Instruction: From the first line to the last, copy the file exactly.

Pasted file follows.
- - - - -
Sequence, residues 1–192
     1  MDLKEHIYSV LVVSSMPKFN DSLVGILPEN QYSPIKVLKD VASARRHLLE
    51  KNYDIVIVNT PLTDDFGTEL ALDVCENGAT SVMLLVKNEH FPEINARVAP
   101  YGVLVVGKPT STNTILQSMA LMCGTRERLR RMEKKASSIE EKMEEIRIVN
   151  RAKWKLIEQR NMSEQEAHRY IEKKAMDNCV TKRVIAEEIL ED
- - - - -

Sequence, residues 1–192
     1  MDLKEHIYSV LVVSSMPKFN DSLVGILPEN QYSPIKVLKD VASARRHLLE
    51  KNYDIVIVNT PLTDDFGTEL ALDVCENGAT SVMLLVKNEH FPEINARVAP
   101  YGVLVVGKPT STNTILQSMA LMCGTRERLR RMEKKASSIE EKMEEIRIVN
   151  RAKWKLIEQR NMSEQEAHRY IEKKAMDNCV TKRVIAEEIL ED